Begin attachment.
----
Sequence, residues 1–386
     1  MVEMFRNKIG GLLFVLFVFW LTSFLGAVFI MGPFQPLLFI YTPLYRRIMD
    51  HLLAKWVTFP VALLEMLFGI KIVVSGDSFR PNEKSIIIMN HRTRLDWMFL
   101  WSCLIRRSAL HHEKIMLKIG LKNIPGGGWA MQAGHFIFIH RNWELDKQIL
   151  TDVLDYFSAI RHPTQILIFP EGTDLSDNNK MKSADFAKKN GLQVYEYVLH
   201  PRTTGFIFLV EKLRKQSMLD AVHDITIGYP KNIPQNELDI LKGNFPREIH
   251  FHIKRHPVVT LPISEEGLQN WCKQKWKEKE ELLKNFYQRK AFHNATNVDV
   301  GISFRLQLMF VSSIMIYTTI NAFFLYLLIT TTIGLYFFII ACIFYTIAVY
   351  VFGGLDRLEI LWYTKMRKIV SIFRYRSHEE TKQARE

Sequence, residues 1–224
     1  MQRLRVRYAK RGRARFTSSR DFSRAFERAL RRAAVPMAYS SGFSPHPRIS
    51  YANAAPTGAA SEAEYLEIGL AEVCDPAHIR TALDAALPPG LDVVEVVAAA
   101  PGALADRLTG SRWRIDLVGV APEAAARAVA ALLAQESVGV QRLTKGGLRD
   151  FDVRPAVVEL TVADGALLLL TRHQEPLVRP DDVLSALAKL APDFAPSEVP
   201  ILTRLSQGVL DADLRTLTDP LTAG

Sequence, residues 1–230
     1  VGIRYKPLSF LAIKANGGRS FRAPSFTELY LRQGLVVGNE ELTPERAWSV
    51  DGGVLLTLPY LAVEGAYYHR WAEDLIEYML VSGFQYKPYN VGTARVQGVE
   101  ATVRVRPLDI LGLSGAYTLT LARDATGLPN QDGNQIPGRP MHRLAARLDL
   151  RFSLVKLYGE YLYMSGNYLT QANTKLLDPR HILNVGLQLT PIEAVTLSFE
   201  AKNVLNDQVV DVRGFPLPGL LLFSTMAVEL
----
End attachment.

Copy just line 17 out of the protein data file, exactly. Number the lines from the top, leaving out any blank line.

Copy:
     1  VGIRYKPLSF LAIKANGGRS FRAPSFTELY LRQGLVVGNE ELTPERAWSV